Kid tablet uptake sees TV figures fall



One in three children in the UK now has their own tablet computer, which has nearly doubled in a year, new Ofcom research finds.

Among children aged between 5 and 15, 34% now have their own tablet, rather than using devices belonging to their parents or school, up from a fifth (19%) in 2013.

Six in ten (62%) children use a tablet at home, which has risen by half in a year (42% in 2013).

A sharp increase in tablet ownership among very young children means that some are using one to surf the web, play games and watch video clips before they join school. More than one in 10 children aged 3-4 now have their own tablet (11%, up from 3% in 2013).

Twice as many children aged 5-15 are using a tablet to go online (42% versus 23% in 2013), which could have implications in future use of laptops and PCs. For the first time, the proportion of children accessing the internet on a PC, laptop or netbook fell, by three percentage points, year on year, to 88%.

These trends are highlighted in Ofcom’s annual Children and Parents: Media Use and Attitudes Report, which examines children’s use of different media and communications, and the role parents play in overseeing them.

The popularity of the tablet could be contributing to the declining number of children with a TV set in their bedroom. This has decreased by a third over the past five years (from 66% in 2009 to 46% in 2014).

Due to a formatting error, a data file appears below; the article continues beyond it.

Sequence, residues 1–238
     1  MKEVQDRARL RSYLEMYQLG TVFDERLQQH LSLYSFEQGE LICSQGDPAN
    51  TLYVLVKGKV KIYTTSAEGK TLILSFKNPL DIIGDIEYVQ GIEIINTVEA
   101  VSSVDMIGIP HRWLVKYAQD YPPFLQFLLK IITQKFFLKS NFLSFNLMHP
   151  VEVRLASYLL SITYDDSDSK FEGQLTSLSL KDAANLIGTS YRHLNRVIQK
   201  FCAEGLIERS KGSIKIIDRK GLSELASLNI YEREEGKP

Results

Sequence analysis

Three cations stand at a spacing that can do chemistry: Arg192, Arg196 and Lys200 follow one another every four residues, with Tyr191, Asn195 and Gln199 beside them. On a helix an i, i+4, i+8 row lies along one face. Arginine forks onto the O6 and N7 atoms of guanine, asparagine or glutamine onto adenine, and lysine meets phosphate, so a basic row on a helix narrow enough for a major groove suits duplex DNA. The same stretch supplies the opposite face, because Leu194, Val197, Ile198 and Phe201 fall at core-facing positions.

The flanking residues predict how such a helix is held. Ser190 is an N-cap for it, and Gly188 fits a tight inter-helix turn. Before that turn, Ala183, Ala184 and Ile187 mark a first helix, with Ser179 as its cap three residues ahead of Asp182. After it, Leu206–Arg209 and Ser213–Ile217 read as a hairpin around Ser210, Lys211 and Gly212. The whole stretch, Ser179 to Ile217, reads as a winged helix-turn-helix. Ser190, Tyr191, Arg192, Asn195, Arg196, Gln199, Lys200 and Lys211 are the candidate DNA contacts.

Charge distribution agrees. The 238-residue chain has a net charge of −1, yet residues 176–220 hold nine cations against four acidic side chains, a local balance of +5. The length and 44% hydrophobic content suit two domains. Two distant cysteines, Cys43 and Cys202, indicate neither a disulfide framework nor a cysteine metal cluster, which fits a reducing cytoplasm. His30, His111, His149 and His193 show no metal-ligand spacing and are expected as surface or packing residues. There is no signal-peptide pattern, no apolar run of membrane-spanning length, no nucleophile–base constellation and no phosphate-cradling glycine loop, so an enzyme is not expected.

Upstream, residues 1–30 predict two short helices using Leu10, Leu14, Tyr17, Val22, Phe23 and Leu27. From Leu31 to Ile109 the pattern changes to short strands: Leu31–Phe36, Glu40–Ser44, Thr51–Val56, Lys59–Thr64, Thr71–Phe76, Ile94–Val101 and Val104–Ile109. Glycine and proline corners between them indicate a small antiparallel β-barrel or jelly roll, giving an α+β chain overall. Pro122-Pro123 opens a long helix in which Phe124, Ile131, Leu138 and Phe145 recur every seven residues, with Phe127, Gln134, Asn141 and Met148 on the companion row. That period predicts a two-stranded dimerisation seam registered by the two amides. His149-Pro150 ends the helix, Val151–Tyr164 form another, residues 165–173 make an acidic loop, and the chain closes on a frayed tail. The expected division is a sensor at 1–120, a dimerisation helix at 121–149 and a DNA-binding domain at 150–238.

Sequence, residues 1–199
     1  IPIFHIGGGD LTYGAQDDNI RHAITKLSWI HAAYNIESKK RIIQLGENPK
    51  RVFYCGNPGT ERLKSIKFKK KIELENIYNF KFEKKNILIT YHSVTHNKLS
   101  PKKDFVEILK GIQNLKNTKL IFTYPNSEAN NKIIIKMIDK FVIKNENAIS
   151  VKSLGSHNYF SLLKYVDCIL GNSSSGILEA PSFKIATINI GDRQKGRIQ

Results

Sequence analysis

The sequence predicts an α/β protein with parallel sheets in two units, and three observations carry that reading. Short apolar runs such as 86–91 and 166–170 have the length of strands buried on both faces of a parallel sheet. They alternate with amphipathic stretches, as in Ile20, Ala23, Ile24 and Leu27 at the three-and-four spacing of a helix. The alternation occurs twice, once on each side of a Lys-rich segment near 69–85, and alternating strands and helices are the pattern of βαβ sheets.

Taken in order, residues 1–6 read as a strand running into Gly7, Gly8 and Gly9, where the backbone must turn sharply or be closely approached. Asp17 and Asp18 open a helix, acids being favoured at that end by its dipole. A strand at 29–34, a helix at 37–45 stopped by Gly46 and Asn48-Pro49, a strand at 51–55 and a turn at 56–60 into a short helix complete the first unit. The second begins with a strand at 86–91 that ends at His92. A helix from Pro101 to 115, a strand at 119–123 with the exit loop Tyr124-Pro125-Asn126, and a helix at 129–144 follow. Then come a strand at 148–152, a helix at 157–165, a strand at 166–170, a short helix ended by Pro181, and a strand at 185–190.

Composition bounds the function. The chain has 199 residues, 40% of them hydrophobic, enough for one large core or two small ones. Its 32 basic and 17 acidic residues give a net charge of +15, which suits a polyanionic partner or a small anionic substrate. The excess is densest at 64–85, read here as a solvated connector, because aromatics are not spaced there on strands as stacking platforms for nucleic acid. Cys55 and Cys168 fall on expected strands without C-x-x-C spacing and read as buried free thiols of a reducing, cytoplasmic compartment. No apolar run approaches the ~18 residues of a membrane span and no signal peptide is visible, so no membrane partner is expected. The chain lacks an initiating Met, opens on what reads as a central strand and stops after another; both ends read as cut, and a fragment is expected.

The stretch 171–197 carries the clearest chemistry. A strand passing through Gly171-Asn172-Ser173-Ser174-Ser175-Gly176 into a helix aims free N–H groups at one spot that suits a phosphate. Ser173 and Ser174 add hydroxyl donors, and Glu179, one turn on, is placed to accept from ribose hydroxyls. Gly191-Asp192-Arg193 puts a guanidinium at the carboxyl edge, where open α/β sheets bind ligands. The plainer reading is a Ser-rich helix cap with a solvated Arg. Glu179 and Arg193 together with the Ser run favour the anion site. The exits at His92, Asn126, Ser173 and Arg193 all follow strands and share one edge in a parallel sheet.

The proportion of children watching TV on a tablet has risen by a third in a year to 20% (up from 15% in 2013) while a third (33%) watch on-demand TV.

Despite the decline of TV sets in the bedroom, children still say that they would miss TV (34%) more than other popular devices (17% for mobile, 15% for tablets and 11% for games console). However, older children aged 12-15 are twice as likely to miss their mobile phone compared to TV (37% versus 18%).

Children aged 5-15 also spend more time watching TV every week (14.6 hours) than doing any other media activity, although there has been a decrease since 2013 when it was 15.4 hours.

Previous Ofcom research has found that families are coming together in the living room to watch bigger and better TVs, and use portable media devices like tablets and smartphones.

There has been a three-fold increase in a year in the number of children’s households with a ‘smart TV’ (from 13% in 2013 to 39%). Internet-enabled ‘smart TVs’ allow viewers access to a range on online services, such as catch-up TV. One in three children (31%) has a smartphone, stable since last year (29%).

The proportion of children with games consoles in their bedrooms has also declined over the past year (41%, down from 47% in 2013). Tablets are also becoming increasingly popular for games, with more children playing on this device (30%, up from 23% in 2013).

Over the past five years, the proportion of children that have radios in their bedroom has halved, down from 32% in 2009 to 14% in 2013. However, this has remained stable over the last year.

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